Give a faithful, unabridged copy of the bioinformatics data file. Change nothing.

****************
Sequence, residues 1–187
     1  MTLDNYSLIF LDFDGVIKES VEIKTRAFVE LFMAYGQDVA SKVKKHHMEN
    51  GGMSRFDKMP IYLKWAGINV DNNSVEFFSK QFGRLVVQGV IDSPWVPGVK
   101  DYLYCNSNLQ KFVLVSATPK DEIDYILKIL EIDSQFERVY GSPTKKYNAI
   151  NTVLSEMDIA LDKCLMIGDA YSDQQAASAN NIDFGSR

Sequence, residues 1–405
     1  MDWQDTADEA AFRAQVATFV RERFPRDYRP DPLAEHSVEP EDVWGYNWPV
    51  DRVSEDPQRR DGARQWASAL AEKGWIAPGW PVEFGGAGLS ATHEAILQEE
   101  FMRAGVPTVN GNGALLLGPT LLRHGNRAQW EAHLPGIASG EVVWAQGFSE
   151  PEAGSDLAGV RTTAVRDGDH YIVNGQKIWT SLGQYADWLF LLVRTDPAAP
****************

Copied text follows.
Sequence, residues 1–187
     1  MTLDNYSLIF LDFDGVIKES VEIKTRAFVE LFMAYGQDVA SKVKKHHMEN
    51  GGMSRFDKMP IYLKWAGINV DNNSVEFFSK QFGRLVVQGV IDSPWVPGVK
   101  DYLYCNSNLQ KFVLVSATPK DEIDYILKIL EIDSQFERVY GSPTKKYNAI
   151  NTVLSEMDIA LDKCLMIGDA YSDQQAASAN NIDFGSR

Sequence, residues 1–405
     1  MDWQDTADEA AFRAQVATFV RERFPRDYRP DPLAEHSVEP EDVWGYNWPV
    51  DRVSEDPQRR DGARQWASAL AEKGWIAPGW PVEFGGAGLS ATHEAILQEE
   101  FMRAGVPTVN GNGALLLGPT LLRHGNRAQW EAHLPGIASG EVVWAQGFSE
   151  PEAGSDLAGV RTTAVRDGDH YIVNGQKIWT SLGQYADWLF LLVRTDPAAP